•

may be you can try this way:
-store the input vector in a 66-bit wide q_out register,
-use q_out[i] to clear asynchronously all registers 'below', q_out[i-1:0];
quartus shows usage of 66 luts, not too much;
good luck
J.A

•

there is a way to use addition as well. this can be shown for the trailing case, and then modified.

000011110000 -- input
111100001111 -- invert
000000010000 -- xnor with input.

example 2:
1010101011 -- input
0101010100 -- invert
0000000001 -- xnor with input

clearly you would need to write the code to have a bit-reverse for the input/output. the bitreverse doesn't actually infer logic if done correctly.
this has complexity of 1 adder + 1 LUT, so it's not terrible. the use of the adder at least allows the FPGA to make use of the carry chains.

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Originally Posted by permute
000000010000 -- xnor with input.
I think you mean "and with input".

Interesting method. What is then the best method to get the bit position as a bit vector index?

•

Originally Posted by permute
there is a way to use addition as well. this can be shown for the trailing case, and then modified.
Hey, that's a pretty good method! With carry chains being so fast it even has pretty good timings for a large number of bits.

@permute; thanks bro. Thats really a new way. i haven't seen this any where. Is this your own invention??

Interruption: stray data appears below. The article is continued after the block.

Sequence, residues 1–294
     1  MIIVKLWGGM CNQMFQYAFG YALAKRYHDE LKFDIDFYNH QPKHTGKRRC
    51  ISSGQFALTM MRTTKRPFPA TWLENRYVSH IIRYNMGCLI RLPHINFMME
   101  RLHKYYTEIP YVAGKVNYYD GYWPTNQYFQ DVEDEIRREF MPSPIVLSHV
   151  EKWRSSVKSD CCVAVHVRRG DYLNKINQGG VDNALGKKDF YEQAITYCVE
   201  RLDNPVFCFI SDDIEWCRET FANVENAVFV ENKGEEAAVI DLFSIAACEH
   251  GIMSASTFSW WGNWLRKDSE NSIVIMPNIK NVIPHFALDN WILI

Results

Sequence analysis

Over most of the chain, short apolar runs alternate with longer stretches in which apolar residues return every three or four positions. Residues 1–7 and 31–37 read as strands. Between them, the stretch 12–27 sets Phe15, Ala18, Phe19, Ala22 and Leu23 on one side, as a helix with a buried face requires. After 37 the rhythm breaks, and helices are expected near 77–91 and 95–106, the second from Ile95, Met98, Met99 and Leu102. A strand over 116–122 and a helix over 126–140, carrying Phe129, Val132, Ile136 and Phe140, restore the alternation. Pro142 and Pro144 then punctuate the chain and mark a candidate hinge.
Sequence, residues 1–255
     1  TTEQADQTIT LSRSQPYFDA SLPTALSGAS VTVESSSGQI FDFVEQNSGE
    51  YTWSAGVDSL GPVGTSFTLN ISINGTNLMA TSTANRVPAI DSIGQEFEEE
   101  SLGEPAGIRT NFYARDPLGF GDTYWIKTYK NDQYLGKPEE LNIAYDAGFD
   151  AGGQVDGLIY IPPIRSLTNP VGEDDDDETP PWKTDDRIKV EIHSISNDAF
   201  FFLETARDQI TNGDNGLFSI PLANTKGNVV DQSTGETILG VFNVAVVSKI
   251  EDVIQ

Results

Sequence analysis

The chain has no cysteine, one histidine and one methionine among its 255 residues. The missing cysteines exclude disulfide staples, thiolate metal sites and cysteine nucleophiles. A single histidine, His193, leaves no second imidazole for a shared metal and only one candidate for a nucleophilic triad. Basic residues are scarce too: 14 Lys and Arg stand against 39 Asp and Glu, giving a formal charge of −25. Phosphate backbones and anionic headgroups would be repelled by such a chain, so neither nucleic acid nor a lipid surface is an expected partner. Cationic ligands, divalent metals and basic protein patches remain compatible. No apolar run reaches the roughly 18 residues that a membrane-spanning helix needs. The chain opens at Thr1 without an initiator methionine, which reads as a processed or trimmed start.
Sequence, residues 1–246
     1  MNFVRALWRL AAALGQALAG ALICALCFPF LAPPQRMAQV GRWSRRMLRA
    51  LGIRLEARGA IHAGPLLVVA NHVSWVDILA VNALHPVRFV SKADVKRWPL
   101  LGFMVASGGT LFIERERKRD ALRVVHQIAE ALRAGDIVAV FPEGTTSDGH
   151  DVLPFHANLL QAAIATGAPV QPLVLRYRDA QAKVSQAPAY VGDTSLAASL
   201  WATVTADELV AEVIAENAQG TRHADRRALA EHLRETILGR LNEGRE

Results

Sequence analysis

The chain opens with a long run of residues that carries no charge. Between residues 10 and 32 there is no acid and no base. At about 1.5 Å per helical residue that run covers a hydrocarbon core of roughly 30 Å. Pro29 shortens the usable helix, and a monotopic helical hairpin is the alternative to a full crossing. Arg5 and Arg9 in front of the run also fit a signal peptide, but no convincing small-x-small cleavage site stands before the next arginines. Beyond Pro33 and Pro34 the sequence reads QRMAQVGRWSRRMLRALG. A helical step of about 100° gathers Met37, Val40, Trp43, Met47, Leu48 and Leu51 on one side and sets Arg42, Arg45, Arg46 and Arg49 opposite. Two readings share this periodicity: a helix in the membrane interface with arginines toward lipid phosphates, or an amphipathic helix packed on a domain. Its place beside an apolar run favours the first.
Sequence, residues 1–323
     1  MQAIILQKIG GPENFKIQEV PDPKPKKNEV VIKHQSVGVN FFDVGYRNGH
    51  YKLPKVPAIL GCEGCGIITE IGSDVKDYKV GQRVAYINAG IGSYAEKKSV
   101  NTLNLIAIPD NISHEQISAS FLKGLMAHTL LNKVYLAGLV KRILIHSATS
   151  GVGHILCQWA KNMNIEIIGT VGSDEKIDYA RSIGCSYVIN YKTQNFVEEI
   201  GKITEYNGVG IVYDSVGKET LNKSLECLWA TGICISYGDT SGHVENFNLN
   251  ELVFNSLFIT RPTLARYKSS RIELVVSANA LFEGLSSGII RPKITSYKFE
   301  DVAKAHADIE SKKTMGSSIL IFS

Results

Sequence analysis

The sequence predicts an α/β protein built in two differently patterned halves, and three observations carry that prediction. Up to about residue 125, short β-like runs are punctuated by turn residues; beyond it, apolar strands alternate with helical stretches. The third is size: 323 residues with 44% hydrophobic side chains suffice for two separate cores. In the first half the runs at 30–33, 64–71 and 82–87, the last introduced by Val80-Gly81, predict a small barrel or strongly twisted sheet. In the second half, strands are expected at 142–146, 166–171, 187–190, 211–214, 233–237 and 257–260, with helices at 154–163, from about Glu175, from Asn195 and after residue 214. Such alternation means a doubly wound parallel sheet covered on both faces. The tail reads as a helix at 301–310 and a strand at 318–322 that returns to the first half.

Basically, many synthesis tools should be able to infer a fast carry logic from this construct:
Code:
```carry:='0';
FOR I IN NBIT-1 DOWNTO 0 LOOP
dataout(I) <= datain(I) AND NOT carry;
carry:=carry OR datain(I);
END LOOP;```
I tried with Quartus and Cyclone III, but apparently the tool isn't prepared to use the carry chain respectively arithmetic mode for non-arithmetic problems.

By instantiating lcell_comb low-level primitives, it finally work, using one logic cell per bit and the carry chain.

The inverted adder suggested by permute is recognized without problems, but needs 2*nbit-1 logic cells: The second logic cell increases the delay by only 1 ns.

Code:
```FOR I IN NBIT-1 DOWNTO 0 LOOP
sum(I):=NOT datain(nbit-1-I);
END LOOP;
dataout<=datain XNOR std_logic_vector(unsigned(sum)+to_unsigned(1,nbit));```

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Well, I came up with it independently. I have to imagine someone saw a problem of "bit N is the leftmost only when bit N+1, N+2, N+.. are all 0s, build up and repeat", and thought, "a carry is a 1 when bit N-1, N-2, N-3, N-... are all 1's". From there the connection to addition is pretty clear. I originally used it, or at least some variants, for a pipelined processor.

The second question about "tells the position of first 1" (priority encoder) is still pending. There are basically two methods
- based on the output of the leading bit detector, which is already "one hot" encoded.
- based on the input directly
The first solution ends up in a wide or expression for each position bit and one additional for the all zero case, like below:
Code:
```FOR J IN 0 TO NBITA-1 LOOP
FOR I IN 0 TO NBIT-1 LOOP
END LOOP;
END LOOP;
zero <= NOT OR_REDUCE(dataout);```
A consideration about priority encoder designs can be found in the Arbitration chapter of the Altera Advanced Synthesis Cookbook. It also mentions a priority masking method using an adder similar to Permute's suggestion.

http://www.altera.com/literature/man...x_cookbook.pdf

Having the leading bit (or priority mask) result altready calculated exposes the zero bit simply as inverted carry output of the lowest bit, as a supplement to the previously suggested code.
Code:
`zero <= NOT carry;`
The synthesis of wide or should be hopefully managed with acceptable results by the synthesis tool for the respective logic famlily.